Researchers say they recreated metallic hydrogen


This illustration breaks down what metallic hydrogen is. Photo credit: Nathan Hickling

Nathan Hickling

Metallic hydrogen, a phase of the element hydrogen long thought to exist in Jupiter’s core, might have been recreated in an Earth lab, according to researchers at Harvard University.

The researchers, Ranga Dias and Isaac Silvera, claim they were able to produce Jupiter-like pressures in the lab, which combined with a specially made diamond anvil cell, recreated metallic hydrogen. The paper, entitled “Observation of the Wigner-Huntington transition to metallic hydrogen,” can be obtained from the American Association for the Advancement of Science.

The pressure in the lab required to create the phase was greater than 490 gigapascals, according to the paper, a pressure greater than that in the core of the Earth. Scientists have long hypothesized that liquid metallic hydrogen exists deep within Jupiter, but have never been able to produce the phase.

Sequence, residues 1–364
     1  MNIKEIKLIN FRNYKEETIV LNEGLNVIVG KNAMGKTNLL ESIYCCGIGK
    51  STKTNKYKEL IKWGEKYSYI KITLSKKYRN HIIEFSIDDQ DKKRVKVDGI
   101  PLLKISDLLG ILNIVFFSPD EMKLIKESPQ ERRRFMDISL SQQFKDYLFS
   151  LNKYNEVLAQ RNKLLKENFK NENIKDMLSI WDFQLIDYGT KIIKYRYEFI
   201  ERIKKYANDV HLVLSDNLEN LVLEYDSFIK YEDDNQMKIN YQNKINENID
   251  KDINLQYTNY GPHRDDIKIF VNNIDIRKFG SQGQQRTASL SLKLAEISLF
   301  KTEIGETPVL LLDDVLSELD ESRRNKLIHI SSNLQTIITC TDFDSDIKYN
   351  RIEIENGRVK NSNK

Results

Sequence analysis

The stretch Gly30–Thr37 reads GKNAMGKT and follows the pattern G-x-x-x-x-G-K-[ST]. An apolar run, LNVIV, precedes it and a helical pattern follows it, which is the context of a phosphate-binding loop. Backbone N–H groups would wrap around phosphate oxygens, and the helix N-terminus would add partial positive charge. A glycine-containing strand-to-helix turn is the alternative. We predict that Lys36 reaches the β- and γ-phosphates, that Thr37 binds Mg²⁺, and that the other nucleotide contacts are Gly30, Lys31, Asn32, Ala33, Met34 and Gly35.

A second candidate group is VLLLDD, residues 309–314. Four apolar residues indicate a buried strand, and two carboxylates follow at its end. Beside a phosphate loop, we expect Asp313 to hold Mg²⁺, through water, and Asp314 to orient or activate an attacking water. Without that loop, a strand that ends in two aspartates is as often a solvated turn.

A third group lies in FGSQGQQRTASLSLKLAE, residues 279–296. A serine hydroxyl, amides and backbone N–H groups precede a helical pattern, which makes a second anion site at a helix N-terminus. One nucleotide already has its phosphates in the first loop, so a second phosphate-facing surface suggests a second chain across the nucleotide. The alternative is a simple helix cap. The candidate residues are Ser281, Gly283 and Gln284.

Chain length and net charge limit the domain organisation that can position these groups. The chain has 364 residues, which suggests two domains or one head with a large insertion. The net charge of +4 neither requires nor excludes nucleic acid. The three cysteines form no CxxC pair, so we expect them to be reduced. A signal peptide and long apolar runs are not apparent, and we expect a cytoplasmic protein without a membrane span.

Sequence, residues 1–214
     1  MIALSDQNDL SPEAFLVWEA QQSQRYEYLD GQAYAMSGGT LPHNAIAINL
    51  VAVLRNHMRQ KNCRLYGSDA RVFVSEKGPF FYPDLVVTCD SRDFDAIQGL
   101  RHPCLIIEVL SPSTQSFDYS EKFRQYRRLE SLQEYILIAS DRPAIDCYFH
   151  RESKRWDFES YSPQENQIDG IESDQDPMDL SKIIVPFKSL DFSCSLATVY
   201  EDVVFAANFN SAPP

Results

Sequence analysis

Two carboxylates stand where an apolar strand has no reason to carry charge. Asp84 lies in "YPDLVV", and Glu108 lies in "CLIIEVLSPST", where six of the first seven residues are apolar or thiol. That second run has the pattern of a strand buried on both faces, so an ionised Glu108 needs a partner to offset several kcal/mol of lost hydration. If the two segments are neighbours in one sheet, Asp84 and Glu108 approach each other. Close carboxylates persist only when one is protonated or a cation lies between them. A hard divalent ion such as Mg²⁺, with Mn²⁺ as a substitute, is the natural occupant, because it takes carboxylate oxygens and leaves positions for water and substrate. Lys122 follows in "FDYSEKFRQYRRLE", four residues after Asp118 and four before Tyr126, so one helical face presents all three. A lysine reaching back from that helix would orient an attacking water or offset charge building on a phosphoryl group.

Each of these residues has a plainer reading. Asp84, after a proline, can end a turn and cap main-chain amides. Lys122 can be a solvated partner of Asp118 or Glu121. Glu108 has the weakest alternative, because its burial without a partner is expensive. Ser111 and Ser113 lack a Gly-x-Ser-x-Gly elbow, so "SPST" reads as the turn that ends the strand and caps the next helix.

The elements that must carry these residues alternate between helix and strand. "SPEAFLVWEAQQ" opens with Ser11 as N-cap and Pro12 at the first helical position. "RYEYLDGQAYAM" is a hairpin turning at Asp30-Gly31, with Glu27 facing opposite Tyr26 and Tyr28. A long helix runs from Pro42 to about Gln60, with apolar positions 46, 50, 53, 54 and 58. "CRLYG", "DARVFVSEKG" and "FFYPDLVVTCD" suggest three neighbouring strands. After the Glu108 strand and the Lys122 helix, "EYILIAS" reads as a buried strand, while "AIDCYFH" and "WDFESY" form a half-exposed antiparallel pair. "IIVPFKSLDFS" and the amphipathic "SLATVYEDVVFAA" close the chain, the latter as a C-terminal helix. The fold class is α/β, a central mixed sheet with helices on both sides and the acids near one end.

Metallic hydrogen has a wide range of predicted applications, which includes superconductivity, making it a potentially efficient way to deliver electricity. Dias and Silvera state in their paper that they predict metallic hydrogen would be stable at room temperature, and that once it is created it will stay in that form.

Diamond, which is one of the hardest materials available to scientists, is not indestructible, and previously it was diamond failure which was the “principal limitation for achieving the required pressures to observe SMH,” according to the paper. To get around this, Dias and Silvera subjected their diamonds to special processes to reduce the possibility of failure.

If created again, the paper will serve as a new guide for other scientists looking to create metallic hydrogen, and might lead to practical applications for the phase outside of the laboratory.